No one should be surprised at The Appeal’s mention of a “colossal scheme of thought control” when one considers our modern-day nightmarish conditions, with the U. S. government carrying out illegal wiretaps, lawless detentions, torture, and other civil liberties violations in the so-called War on Terrorism.
The targets of the U. S. government—with the collusion of the giant corporations—are the same as in the 1920s. A “terrorist” can be labeled as anyone opposing U. S. foreign policy and the capitalist system. Legitimate protest is condemned and exorcised. Witness protester Cindy Sheehan’s ouster from the halls of Congress for merely wearing a T-shirt.
The Appeal of April 24, 1920 named six Inter-Racial Council officers, with the top three being among the leading influential and politically powerful capitalists in the U.S. Coleman DuPont was chairman, and Philip T. Dodge (mentioned as a “print-paper king”) and Mrs. David Rumsey both served as vice presidents. Another officer was the financial giant, A. J. Hemphill, who was chairman of the board of directors of the Guaranty Trust Company—at that time the richest bank in the world.
Interestingly enough, in this same issue, “The Jungle” author Upton Sinclair revealed to Appeal readers how “print paper interests” were out to destroy the “red revolutionary radicalism” it found so pervasive in American society. Paper for printing such radical labor and socialist publications as The Appeal was the “life blood” of these movements, and any attempt to cut off the source could spell doom for these organizations in their attempts to reach millions of workers.
Sinclair cited the paper industry’s publication, Paper Trade Journal, and called attention to its “warning”: “If you want to effect a genuine cure you just wipe out the source of supply.”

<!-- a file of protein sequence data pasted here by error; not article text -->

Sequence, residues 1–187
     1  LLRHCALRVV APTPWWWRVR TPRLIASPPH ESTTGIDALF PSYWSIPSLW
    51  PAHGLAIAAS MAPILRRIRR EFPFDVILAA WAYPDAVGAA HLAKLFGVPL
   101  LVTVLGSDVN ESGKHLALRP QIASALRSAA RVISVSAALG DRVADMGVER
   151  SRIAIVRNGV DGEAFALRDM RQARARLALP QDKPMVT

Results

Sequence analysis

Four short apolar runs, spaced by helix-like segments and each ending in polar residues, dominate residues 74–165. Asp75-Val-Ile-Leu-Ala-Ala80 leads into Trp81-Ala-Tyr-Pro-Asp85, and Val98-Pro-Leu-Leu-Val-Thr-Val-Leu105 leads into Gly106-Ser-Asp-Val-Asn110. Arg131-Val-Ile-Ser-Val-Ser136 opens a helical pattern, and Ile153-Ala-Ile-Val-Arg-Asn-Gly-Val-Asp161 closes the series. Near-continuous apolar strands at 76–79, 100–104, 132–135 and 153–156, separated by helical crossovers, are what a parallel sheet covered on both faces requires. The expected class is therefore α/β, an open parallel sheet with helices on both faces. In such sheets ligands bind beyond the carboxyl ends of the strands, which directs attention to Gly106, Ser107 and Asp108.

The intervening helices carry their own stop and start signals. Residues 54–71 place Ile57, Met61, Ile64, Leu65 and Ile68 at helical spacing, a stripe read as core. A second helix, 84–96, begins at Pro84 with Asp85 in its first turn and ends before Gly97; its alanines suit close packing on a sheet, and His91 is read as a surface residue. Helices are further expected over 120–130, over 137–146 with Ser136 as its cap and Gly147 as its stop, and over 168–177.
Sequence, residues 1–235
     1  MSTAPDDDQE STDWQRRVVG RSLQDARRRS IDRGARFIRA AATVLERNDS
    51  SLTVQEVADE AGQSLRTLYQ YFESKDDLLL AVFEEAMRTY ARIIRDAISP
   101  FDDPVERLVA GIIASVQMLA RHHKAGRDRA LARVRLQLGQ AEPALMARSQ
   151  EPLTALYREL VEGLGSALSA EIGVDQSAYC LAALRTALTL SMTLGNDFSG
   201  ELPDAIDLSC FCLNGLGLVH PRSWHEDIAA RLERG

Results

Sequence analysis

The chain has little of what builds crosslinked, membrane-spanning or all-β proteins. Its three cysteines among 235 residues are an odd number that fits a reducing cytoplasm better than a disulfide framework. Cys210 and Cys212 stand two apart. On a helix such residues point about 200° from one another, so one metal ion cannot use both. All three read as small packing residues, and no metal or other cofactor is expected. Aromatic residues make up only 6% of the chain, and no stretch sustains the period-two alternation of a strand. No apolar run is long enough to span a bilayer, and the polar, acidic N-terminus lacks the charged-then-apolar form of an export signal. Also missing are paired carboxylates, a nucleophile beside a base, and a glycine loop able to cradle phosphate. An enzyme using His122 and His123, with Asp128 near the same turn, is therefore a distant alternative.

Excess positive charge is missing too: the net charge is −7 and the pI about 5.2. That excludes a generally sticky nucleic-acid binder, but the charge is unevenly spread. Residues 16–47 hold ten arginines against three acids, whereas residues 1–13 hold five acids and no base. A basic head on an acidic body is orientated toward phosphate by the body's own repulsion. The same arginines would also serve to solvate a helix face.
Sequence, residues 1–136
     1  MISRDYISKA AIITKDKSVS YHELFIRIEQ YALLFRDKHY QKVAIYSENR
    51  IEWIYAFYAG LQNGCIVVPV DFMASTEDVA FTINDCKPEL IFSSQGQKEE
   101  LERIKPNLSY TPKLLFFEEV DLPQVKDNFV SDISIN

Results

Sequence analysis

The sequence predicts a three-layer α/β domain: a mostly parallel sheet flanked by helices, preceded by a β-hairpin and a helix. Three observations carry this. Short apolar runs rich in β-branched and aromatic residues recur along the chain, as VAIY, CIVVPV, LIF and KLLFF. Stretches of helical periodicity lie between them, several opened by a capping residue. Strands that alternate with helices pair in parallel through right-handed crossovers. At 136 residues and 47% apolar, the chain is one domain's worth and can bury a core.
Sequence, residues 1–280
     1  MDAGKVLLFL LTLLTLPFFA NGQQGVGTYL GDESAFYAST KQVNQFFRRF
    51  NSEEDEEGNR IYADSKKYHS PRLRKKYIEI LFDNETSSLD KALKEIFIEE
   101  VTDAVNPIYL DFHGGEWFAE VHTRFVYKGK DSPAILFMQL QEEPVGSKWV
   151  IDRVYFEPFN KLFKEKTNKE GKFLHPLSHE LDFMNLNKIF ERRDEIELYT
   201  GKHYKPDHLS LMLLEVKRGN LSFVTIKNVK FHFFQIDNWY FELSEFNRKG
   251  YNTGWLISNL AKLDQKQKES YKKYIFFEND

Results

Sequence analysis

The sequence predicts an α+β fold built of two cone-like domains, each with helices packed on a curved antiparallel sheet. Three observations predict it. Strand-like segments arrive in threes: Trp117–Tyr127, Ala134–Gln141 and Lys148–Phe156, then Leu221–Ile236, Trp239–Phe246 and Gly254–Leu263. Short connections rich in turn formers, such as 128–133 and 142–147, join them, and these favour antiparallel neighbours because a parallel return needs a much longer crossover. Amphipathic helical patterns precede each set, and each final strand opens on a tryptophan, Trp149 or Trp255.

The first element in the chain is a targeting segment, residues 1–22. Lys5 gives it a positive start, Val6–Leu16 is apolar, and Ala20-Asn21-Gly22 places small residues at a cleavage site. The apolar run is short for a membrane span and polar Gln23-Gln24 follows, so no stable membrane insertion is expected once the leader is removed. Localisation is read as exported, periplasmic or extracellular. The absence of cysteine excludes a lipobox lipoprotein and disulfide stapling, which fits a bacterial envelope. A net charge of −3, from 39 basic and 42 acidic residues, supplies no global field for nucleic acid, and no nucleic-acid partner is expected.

The Appeal was widely read not only by socialists but by thousands upon thousands of readers at a time when the socialist movement was rapidly gaining strength—even though the Socialist Party had lost a lot of support because it sided with President Wilson in going to war against Germany.
In regard to the “billion-dollar plot,” the editor of The Appeal said that the details were provided to him by a socially conscientious world-renowned international banker, whose name the editor pledged not to reveal. The banker was certainly not attempting to help socialists but rather feared that the extreme measures adopted by the U. S. government at the behest of business interests would backfire and inevitably aid in destroying capitalism itself.
The Appeal never did reveal the name of this early-day “whistleblower,” and the paper’s exposé of the billion-dollar conspiracy effectively thwarted it. But what if the plotters had succeeded? Such a question can be raised about our present-day political climate. The answer, as early 20th-century Wobbly leader Joe Hill put it so succinctly, is, “Don’t Mourn, Organize!”